4. Analyze What Methods Relieve Heartburn

In your journal, write down what actions you took that helped to relieve your reflux symptoms. Whether it’s taking medication immediately, choosing to watch TV a bit before lying down after a meal, taking a walk to relieve daily stress or simply adjusting your sleeping position so you don’t wake up at night with heartburn.

Learning to know yourself and your symptoms will help you identify the lifestyle changes that work for you. It will help you make the connection between food, habits and symptoms. You will know what works and what doesn’t, and will be able to take an active role in relieving your heartburn symptoms.

5. Summarize Results after a Month to Get the Big Picture

When you finish the journal, summarize the information. Look for similarities and conclusions by reading the many listings and identifying patterns. For example:  When you drank orange juice and coffee for breakfast you had heartburn almost every day. This is definitely a trigger that causes your symptoms. When you identify potential triggers, write them down in a separate section of the journal. This gives you a better look at the big picture, and will be a helpful resource when you sit down with your doctor.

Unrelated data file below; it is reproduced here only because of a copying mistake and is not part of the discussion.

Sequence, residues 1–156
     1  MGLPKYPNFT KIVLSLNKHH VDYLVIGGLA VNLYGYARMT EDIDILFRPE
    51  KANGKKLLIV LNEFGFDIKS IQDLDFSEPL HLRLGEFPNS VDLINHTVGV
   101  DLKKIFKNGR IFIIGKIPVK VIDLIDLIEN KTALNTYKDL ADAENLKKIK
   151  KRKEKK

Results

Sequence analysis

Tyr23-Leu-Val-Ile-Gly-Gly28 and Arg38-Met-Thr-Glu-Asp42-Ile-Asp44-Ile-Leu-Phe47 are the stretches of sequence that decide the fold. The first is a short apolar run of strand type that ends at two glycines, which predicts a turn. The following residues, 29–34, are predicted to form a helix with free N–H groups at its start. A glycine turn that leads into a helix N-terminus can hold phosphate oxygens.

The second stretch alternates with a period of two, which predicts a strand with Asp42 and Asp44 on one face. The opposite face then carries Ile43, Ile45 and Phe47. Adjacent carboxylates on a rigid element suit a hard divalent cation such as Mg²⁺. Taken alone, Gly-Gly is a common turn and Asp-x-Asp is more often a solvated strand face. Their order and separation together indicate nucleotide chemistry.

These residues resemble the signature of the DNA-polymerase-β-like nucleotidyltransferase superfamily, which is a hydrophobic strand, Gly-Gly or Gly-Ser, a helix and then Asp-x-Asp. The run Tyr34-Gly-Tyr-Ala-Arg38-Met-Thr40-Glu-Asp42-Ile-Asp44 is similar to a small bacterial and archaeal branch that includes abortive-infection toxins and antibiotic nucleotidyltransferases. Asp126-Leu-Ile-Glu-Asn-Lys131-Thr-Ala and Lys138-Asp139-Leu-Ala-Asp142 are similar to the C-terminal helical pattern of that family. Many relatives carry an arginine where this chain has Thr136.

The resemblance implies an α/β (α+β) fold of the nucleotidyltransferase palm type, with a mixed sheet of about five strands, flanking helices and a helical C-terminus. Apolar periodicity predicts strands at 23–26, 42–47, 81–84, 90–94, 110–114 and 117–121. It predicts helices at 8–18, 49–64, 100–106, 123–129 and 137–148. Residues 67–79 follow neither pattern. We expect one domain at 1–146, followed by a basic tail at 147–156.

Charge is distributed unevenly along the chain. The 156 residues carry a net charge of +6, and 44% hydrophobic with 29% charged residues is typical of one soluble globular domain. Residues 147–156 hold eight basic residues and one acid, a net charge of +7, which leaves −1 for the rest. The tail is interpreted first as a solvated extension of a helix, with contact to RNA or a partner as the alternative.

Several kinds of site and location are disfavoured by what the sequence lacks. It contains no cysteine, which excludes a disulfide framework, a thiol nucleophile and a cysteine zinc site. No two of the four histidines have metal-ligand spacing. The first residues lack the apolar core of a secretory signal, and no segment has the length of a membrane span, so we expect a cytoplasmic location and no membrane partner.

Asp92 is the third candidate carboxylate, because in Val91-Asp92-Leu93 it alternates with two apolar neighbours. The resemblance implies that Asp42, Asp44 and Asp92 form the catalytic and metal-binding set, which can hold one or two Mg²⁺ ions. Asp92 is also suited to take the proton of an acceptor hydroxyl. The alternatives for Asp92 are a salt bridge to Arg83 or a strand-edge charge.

Not sure how you want to lay out your heartburn journal? Some people enjoy using old-fashioned pen and paper, but for others electronic journals or apps might be more up your alley.  SkyGazer Labs offers the mySymptoms Food Diary. It records food, drink, medications, symptoms, exercise and stress, then analyzes the data for you.  There is also a Heartburn and Acid Reflux Dairy available by Cellhigh on IOS and Android.

Once you have finished your heartburn journal, sit down with a reflux specialist and go over it. They’ll be able to examine your symptoms, determine whether you may be a candidate for GERD, then walk you through the diagnosis and treatment process. Don’t suffer the many different symptoms of GERD, contact a reflux specialist for diagnosing GERD and get treated.